Application Note 1 - Optional Antenna Setups for all Buckeye Cam Wireless Devices

Posted by Nigel Kimball 28/10/2020 0 Comment(s) Buckeye Cam Application Notes,

The standard antennas provided with Buckeye Cam wireless devices are small omnidirectional antennas that attach directly to the device.  The type of wireless transmission used is radio frequency (RF) line-of-sight. Generally speaking, this means that you need to have a limited amount of obstructions between the transmitting and receiving devices in order to get an acceptable transmission signal. 


Standard antennas WILL transmit through:

  • Scattered and open vegetation; and
  • Wood frame walls.

Standard antennas WILL NOT transmit through:

  • Thick vegetation;
  • Metal buildings or structures; and
  • Earth or large hills.

For many applications, the standard antennas will work well.  For applications where obstructions are present in the transmission path or the transmission distance needs to be increased, three options are available: repeaters, high gain antennas and masts.  Often a combination may be needed for diffuclt terrain and vegetatio cover.



Figure 1 below shows an example setup using repeaters.  In this example, only camera 1 has an unobstructed line-of-sight to the receiving base.  Camera 3 and camera 1 are used as repeaters.  Camera 4 is routed through camera 3.  Camera 3 and camera 2 are routed through camera 1.  Camera 1 receives all of the pictures and transmits them to the base.  Note in the example of Figure 1, all of the devices are cameras, however any of the Buckeye Cam wireless devices may be used as repeaters.  The only limitation is that all of the devices in the network must be of the same product type.  For example, Orion cameras can only communicate with Orion cameras and X80 devices can only communicate with X80 devices.  Consult the user's manual of your particular device for instructions on how to set it up as a repeater. 



Figure 1

Figure 1 - Example of a repeater setup using cameras



Using devices as repeaters can cause transmission delays and reduced battery life.  In the example shown in Figure 1, there will be some additional transmission delay as the pictures must pass through intermediate cameras before arriving at the base.  Also, the battery life of cameras 3 and 1 will be somewhat reduced due to the extra burden of transmitting pictures from other cameras.  In many cases the additional transmission delay may be insignificant.  Also, battery life may be improved with optional solar panels.  However, it is preferable to route each device directly to the base whenever possible. 


High Gain Antennas

High gain antennas may be necessary in situations where many obstructions are present in the transmission path, or when it is necessary to significantly extend the transmission distance.  Two types of high gain antennas are available: omnidirectional and directional (Yagi).


High Gain Omnidirectional Antennas

  • Radiate equally in all directions. Good for devices that act as repeaters.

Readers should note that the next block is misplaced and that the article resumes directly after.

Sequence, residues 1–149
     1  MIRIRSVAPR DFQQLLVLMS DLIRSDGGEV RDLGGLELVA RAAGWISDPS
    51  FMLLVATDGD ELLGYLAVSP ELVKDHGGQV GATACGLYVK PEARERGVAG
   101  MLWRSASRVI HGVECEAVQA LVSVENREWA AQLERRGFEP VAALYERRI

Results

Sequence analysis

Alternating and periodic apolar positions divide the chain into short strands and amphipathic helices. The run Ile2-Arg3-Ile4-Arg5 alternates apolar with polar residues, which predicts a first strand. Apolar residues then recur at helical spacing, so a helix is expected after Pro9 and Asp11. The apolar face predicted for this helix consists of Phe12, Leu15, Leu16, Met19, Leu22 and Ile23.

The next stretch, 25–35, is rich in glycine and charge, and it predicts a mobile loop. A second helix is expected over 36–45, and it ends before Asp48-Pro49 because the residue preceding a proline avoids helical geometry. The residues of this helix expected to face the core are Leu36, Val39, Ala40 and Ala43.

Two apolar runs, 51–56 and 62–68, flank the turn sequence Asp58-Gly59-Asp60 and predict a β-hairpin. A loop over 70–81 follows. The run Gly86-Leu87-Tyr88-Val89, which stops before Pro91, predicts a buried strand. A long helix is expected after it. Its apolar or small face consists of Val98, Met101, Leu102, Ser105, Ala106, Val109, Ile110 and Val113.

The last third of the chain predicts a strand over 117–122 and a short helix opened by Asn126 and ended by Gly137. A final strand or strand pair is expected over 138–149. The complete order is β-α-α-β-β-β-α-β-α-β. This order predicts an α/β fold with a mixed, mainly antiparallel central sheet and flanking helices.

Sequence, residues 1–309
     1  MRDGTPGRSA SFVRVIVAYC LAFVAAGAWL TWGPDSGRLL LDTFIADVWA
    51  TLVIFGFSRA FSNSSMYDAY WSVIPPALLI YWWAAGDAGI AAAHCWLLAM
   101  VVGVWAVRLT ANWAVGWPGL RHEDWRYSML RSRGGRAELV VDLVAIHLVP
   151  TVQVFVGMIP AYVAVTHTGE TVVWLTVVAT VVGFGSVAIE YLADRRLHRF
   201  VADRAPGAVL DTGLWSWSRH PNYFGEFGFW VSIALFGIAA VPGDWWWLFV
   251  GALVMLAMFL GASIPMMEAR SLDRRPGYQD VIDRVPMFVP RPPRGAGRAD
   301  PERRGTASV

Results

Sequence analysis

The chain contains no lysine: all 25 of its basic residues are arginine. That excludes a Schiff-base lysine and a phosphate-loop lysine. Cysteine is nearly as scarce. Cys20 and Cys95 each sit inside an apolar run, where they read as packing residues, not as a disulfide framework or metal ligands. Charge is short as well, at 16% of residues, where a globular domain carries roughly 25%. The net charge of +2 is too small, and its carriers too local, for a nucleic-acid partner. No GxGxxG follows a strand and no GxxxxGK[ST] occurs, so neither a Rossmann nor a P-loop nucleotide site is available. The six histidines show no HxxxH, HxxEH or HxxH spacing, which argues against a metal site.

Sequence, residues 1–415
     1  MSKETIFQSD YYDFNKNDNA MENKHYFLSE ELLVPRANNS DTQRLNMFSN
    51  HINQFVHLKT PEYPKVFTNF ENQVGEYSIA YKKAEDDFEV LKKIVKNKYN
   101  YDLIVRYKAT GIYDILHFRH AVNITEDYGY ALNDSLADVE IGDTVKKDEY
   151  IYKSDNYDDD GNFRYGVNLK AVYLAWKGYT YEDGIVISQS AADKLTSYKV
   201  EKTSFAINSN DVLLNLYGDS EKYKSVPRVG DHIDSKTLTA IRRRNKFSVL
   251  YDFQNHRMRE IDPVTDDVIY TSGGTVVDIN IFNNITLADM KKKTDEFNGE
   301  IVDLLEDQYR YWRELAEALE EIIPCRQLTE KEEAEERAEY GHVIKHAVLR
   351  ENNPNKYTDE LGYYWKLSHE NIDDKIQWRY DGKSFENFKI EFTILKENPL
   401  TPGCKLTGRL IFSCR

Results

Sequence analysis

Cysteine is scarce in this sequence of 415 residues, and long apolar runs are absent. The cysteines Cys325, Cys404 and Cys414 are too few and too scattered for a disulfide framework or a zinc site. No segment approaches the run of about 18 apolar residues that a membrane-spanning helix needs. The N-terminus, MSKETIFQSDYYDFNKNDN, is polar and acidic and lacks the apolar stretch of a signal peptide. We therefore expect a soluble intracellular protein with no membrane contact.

• Long cables may be used to mount the antenna high enough to avoid obstructions.

High Gain Directional Antennas (Yagi)

  • The highest gain (best signal) can be achieved with these antennas.
  • The antenna must be pointed in the direction of the receiving device.
  • Long cables may be used to mount the antenna high enough to avoid obstructions.


For areas where it is difficult to get a good signal, a high gain directional antenna (Yagi) is generally the best choice.  The only limitation with directional antennas is that they are not suitable for devices used as repeaters.  This is due to the fact that they must pointed in the direction of the device they will be communicating with.  A repeater must communicate with more than one device, therefore a directional antenna is not a good choice for a device that will be used as a repeater.  The directional antenna must be mounted so that the main beam of the antenna is parallel to the ground and pointed in the direction of the transmitting/receiving device (see Figure 2).  The omnidirectional antenna should be mounted perpendicular to the ground (see Figure 3). 



Figure 3
Figure 2 - Directional (Yagi) Antenna Figure 3 - Omindirectional Antenna




The intent of this application note is to describe the different optional antenna setups that are available for all Buckeye Cam wireless devices.  For many applications, the standard omnidirectional antennas that are supplied with your device may be all that is required.  The standard antennas typically will work well in situations where the transmission distance is 3km or less and there are few obstructions.  In cases where many obstructions are present, or the transmission distance needs to be increased to 3+ kms, optional high gain antennas are usually required. 


For the latest listing of available antennas and accessories visit the Wireless Trapping section of our website.  If you would like assistance in selecting the right antenna for your application, contact us FeralTech by phone or email.  Usually we are able to make an antenna selection for you if you can give us the GPS coordinates of the locations where your devices will be installed. 

Tags: Antenna

Feral Flash Sign Up!

Every month we send out an email newsletter titled the Feral Flash containing the latest information on our products, sales, useful tips and techniques.

By sharing your email, you agree to our Privacy Policy and Terms of Use.

* Email: